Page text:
Dark Lord,S

Question 11 months ago

6 years later i'm now looking to make mine wireless, has anyone thought of actually putting the bluetooth module inside the ear cup housing, and making ports external. (USB charging Vol. control, play/pause)
If so what was your preferred bluetooth product and methods?


3 years ago

Hi. I didn't made it. I'm just curious if you are able to make calls with this? I use my Bose QC 15 mostly to call and no cable would be an advantage.




4 years ago on Introduction

I connected the Bluetooth dongle directly into the headphone jack.. It's a much neater solution.


4 years ago

My black athm50x and my white athm50 with the Bluetooth mod


4 years ago on Introduction

GREAT MOD!!! Can someone help me with figuring out the wiring of the QC15 Cord wiring??? I have the cord with inline microphone and have 5 wires. (Gold, Green, Red, Blue, Gold/Red). I'm trying to shorten a cable to a 4-pole TRRS male connector and only getting right channel and no mic button functions. My current wiring is from tip to base (tip/green; 1st band/red; 2nd band/gold & blue; 3rd band/Gold+Red). Is this correct??? Thanks for your help...


Reply 4 years ago on Introduction

I believe it is because the 2.5mm side of the connector is very low profile and it is difficult to find cables that fit inside the headphone housing. I've heard that some Shure cables fit, but can't say for sure.

I can tell you right now that the jack on the inside of the QC15 is not 2.5mm. It's a standard 3.5mm TRRS (but here's the kicker), it's a nonstandard pinout. There is no need for the original Bose plug when wiring custom cables, any 3.5mm with 4 channels will do as long as you're willing to sacrifice the cable.

For reference, the Bose TRRS plug pinout is Tip: N/A- none, Ring1: right channel, Ring2: left channel, Sleeve: ground.

If you're going to make a custom cable make sure to wrap a couple inches of wire in tape and use multiple layers of heatshrink to make it stiff enough to insert easily.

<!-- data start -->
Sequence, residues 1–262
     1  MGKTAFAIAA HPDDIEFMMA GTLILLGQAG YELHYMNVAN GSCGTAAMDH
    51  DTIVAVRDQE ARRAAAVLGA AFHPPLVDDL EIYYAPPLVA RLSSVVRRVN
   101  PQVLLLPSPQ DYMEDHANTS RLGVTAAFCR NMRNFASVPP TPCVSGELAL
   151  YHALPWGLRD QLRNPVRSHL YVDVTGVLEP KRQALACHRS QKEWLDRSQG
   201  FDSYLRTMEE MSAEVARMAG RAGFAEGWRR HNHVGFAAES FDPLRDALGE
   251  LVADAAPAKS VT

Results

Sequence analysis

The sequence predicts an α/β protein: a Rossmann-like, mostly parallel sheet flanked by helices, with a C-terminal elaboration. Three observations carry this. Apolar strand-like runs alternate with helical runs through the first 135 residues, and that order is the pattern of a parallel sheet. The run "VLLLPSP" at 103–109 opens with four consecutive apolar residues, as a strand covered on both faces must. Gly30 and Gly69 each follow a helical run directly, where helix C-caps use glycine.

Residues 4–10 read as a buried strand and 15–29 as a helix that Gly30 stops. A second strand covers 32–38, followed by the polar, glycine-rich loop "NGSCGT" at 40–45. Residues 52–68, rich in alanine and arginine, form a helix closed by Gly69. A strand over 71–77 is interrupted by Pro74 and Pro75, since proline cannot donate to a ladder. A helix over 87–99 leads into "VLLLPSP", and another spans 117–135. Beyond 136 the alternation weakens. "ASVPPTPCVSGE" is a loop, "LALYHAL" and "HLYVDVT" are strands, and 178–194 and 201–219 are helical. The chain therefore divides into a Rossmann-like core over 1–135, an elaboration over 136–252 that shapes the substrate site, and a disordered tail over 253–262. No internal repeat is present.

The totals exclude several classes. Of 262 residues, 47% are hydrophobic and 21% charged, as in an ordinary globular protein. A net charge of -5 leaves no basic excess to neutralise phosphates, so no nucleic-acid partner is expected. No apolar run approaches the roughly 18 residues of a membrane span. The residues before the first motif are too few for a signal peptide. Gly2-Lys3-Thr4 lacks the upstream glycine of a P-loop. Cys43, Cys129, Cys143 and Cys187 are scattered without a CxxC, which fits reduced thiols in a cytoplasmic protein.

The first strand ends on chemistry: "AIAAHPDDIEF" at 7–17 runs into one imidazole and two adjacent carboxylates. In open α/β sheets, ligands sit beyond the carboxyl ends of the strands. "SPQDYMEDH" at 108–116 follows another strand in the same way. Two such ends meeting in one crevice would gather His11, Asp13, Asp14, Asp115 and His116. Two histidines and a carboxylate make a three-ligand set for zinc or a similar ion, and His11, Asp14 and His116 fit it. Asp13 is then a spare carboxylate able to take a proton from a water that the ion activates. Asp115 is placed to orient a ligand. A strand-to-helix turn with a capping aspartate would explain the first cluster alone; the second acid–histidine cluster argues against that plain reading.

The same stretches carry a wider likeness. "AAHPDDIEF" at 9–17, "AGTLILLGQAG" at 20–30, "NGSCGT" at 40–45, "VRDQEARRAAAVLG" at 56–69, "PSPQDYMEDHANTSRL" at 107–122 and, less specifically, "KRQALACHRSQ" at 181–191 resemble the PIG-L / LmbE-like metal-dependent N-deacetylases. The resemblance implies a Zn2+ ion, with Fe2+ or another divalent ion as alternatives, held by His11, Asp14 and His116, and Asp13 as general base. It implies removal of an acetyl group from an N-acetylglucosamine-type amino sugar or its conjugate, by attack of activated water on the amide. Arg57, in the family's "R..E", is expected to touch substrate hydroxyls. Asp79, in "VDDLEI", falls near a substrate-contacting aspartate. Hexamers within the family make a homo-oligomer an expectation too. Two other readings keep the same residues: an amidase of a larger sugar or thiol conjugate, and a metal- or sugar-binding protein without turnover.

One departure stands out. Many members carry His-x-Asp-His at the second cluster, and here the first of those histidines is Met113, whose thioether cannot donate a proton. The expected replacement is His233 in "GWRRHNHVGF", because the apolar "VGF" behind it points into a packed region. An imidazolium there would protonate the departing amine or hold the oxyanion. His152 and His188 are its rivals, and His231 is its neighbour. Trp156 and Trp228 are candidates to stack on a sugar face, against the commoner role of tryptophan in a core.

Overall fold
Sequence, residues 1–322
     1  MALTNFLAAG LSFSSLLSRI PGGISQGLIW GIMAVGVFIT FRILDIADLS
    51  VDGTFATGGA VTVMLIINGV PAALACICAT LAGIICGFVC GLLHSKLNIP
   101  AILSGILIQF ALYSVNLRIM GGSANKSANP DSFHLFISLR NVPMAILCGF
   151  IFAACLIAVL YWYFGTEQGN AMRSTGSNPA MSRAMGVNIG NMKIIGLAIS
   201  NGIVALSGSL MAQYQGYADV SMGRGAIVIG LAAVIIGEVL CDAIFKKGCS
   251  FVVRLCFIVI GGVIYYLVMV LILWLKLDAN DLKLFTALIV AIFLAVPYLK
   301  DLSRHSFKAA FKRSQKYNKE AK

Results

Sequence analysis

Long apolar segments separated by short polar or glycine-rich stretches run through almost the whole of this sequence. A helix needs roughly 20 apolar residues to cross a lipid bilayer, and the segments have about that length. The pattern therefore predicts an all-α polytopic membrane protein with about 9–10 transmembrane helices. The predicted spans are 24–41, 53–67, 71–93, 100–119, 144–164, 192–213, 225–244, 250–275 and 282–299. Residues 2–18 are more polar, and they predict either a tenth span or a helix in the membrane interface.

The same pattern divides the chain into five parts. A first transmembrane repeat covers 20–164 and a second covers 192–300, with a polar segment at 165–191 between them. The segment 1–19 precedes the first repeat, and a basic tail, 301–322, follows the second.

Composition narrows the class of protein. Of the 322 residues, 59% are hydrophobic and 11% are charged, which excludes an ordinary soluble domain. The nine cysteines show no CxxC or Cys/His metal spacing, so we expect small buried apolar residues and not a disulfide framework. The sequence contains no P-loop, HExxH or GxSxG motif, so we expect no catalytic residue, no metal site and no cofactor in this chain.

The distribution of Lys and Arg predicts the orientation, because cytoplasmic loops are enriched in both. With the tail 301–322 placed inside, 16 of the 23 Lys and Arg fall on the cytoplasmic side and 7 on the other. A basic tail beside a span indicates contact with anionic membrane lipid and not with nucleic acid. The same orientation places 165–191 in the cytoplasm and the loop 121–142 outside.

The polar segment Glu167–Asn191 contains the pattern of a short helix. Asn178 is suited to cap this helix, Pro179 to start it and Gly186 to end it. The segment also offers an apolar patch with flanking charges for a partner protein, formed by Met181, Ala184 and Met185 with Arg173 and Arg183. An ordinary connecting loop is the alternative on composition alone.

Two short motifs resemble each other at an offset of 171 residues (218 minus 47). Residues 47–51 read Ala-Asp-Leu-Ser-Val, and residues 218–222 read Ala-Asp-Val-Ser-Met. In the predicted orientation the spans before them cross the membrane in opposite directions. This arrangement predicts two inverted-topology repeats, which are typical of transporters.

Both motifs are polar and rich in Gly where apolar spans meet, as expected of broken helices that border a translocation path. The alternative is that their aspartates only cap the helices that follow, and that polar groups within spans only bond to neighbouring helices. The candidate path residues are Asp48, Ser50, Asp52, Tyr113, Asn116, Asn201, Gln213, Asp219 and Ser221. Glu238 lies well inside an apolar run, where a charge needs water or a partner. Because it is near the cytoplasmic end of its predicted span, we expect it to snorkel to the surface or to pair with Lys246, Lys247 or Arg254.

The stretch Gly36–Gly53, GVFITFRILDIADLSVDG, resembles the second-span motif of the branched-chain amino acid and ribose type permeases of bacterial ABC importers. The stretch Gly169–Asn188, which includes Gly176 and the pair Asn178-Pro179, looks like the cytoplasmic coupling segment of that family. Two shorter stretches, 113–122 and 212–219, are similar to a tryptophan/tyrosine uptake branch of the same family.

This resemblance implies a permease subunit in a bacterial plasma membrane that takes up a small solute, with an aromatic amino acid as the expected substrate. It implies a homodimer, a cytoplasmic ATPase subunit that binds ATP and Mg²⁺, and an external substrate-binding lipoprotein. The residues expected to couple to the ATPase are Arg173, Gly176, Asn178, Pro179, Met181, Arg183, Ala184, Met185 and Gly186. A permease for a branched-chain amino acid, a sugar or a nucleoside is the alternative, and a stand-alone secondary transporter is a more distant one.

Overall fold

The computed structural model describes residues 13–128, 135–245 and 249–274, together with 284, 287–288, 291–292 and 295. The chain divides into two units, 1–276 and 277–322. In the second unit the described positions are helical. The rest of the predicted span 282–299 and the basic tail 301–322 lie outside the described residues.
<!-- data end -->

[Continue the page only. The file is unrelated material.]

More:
5 years ago on Introduction

Michael, nice work on the mod. I had a question that you might be able to answer:

I tried to modify my Bose cable in such a way that I could reduce the cord length to about 5 inches. I took the Bose connector apart (the one that sticks into the QC15's) just like in your mod. Then I took a standard mini jack cable and cut it to length. Desoldered the cable from the PCB on the Bose and re-soldered my mini jack with ground in the center. My problem is this: No matter how I solder the wires to the PCB, I can only get the left channel to come through the headphones.

Did you run into anything like this when you were hooking up the bluetooth?

2 replies

Hi rmandarano,

Did you not use the bose mini jack connector? I believe there is circuitry in there that is required in the headphones for stereo. If you can add some images so I can see what you're doing.


5 years ago on Introduction

I tried to do this, but the bluetooth I found had only two cables. Do I just solder the cables that are the same and leave the other one alone?


6 years ago

Hey nice job been tryin to figure out a way to make my qc15s blue tooth ready

1 reply

6 years ago on Introduction

Hey Mike,

I recently just tried two different A2DP receivers bought on ebay, and they both generate a high frequency beeping sound while the music is playing and immediately after the music is paused. Does yours have the same issue?